Where is the missing link? There isn’t one in the fossil record.
Evolution science is not really science but a religion. That is why it cannot stand honest scrutiny or tolerate other views. It takes more faith to believe that men came from monkeys or a primal soup struck by lightning than it does to believe that God created the Earth and mankind in seven days.Boom! Ka-pow!
Both are religious beliefs. Oklahoma students should be exposed to both theories (including Intelligent Design). Instead, the public school system in Oklahoma has bowed to the pressure of secular humanists and insisted that there is only one theory to explain the origin of man—evolution.Now we're back to worshiping Darwin some more.
Incidentally, the origin of life cannot be proven by the scientific method, which requires observation and testing. No one was around when life began and no scientist—no matter how many degrees he or she has—has been able to recreate life in the laboratory.“Were you there?” Ken Ham would be so proud!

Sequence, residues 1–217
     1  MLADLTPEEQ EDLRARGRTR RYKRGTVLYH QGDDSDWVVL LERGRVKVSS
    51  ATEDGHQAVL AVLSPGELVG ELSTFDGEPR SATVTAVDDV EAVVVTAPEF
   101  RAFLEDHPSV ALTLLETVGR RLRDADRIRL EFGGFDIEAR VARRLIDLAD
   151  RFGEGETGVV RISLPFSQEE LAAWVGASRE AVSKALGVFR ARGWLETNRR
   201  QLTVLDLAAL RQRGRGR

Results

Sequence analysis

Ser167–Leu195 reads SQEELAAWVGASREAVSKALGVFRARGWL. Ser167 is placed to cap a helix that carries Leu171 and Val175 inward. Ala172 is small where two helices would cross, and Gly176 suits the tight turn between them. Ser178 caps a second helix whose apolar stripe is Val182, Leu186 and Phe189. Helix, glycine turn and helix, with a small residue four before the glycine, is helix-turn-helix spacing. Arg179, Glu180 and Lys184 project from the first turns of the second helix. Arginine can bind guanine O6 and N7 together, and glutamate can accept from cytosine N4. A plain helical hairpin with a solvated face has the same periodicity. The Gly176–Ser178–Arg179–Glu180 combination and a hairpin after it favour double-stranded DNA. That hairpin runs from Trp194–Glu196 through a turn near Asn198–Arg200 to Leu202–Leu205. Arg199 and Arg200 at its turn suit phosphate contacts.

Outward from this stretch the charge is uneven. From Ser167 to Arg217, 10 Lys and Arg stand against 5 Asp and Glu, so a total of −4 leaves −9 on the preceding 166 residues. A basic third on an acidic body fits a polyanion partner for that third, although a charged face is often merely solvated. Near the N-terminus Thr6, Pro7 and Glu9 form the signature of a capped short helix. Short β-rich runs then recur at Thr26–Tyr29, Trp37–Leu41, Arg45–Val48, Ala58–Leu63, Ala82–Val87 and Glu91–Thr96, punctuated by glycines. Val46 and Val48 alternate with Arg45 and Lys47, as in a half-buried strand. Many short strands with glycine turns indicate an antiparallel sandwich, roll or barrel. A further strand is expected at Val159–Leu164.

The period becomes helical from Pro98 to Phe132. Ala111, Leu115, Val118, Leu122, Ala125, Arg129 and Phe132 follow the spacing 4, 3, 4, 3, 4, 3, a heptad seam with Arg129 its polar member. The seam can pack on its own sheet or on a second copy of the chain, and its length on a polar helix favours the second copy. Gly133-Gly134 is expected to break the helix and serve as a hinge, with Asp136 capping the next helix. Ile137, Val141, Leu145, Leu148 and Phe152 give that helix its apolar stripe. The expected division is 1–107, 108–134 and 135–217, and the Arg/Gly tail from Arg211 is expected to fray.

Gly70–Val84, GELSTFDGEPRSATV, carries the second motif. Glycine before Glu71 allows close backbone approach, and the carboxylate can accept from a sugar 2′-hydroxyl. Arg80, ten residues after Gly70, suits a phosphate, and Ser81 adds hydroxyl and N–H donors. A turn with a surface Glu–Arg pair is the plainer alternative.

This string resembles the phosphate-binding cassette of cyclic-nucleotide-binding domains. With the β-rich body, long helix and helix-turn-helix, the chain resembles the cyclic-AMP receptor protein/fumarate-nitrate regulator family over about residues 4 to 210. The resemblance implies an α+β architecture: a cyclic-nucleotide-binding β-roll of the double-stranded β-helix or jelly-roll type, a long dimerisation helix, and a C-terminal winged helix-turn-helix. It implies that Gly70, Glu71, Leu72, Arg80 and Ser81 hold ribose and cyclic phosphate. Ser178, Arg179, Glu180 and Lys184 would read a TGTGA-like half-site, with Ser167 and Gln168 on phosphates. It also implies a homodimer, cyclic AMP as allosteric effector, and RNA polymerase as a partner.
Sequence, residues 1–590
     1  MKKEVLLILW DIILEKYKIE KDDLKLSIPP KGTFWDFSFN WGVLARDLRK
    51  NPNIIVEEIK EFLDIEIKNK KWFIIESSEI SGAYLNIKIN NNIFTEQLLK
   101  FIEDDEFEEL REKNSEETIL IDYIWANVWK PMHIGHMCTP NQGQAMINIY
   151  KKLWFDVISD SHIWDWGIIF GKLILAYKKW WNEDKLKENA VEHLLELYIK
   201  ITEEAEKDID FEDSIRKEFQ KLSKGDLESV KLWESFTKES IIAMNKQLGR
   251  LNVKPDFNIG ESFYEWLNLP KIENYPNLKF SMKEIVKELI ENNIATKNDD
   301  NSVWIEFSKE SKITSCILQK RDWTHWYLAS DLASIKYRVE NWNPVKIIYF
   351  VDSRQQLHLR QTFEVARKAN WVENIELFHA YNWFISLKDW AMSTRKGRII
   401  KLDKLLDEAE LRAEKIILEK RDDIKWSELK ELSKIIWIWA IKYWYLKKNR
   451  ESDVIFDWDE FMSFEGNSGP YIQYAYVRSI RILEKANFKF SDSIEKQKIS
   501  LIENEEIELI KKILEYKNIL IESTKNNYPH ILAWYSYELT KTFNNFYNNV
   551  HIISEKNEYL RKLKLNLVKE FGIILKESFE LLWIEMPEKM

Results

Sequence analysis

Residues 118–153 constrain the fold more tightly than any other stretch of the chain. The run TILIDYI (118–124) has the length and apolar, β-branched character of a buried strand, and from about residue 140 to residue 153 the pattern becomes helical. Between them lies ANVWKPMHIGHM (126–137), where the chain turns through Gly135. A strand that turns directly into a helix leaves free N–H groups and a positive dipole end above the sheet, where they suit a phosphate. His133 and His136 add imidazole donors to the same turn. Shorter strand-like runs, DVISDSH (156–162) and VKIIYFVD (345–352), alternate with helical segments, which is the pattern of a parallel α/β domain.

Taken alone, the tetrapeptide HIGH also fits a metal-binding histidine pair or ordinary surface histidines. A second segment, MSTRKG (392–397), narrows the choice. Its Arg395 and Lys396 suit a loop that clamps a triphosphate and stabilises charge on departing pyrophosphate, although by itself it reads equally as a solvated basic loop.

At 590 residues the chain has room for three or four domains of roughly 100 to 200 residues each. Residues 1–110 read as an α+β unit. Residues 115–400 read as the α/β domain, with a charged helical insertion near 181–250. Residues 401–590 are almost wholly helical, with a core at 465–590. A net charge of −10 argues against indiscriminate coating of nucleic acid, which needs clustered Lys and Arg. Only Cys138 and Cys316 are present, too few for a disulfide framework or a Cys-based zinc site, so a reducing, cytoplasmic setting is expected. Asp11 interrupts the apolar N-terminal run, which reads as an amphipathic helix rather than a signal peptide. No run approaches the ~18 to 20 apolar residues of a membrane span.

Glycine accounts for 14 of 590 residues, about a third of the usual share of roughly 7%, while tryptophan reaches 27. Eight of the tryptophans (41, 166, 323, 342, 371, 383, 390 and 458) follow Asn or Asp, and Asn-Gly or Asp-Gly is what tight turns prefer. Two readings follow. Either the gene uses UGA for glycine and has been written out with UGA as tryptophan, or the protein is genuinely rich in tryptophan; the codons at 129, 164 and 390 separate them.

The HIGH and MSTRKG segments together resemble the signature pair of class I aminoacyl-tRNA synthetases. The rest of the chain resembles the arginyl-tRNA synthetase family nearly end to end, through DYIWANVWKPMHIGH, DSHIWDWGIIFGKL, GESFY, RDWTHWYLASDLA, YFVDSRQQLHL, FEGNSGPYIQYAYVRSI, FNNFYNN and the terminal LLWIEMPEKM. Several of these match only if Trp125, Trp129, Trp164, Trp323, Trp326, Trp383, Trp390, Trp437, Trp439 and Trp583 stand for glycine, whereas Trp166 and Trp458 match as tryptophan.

Here’s the worst aspect of this story. State tax dollars are going to support the celebration of a mad scientist who infected the world with a new religion that teaches that God cannot exist.Damn those schools who use tax dollars to teach science when they could be teaching religion! The writer began by asking the difference between education and indoctrination. He is firmly on the side of indoctrination, isn't he?
OU has stacked the deck for humanism and against other religions. Creationism and Intelligent Design should get equal time in this huge “celebration” of Charles Darwin.That's right: humanism is a religion, too. And see how “equal time” just slipped in? Other creation myths need not apply, though. There's only two theories!